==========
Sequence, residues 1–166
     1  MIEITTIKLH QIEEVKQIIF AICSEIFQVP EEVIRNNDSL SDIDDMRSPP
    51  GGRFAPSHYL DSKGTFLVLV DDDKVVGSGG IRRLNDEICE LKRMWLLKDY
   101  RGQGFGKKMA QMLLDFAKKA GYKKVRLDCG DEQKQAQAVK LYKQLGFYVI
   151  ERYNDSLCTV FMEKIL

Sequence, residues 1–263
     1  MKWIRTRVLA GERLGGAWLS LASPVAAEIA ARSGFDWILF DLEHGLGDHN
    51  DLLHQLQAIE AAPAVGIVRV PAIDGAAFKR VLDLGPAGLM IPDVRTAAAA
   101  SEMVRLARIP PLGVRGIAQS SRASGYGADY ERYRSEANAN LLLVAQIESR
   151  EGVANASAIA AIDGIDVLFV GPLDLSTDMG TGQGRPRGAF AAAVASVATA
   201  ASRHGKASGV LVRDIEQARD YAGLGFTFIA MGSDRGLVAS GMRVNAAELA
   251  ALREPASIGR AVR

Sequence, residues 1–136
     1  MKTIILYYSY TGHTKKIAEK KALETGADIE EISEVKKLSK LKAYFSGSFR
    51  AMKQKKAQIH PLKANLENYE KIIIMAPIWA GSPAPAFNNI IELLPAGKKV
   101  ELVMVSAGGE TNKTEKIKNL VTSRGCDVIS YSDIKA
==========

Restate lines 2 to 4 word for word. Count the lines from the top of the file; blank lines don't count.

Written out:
     1  MIEITTIKLH QIEEVKQIIF AICSEIFQVP EEVIRNNDSL SDIDDMRSPP
    51  GGRFAPSHYL DSKGTFLVLV DDDKVVGSGG IRRLNDEICE LKRMWLLKDY
   101  RGQGFGKKMA QMLLDFAKKA GYKKVRLDCG DEQKQAQAVK LYKQLGFYVI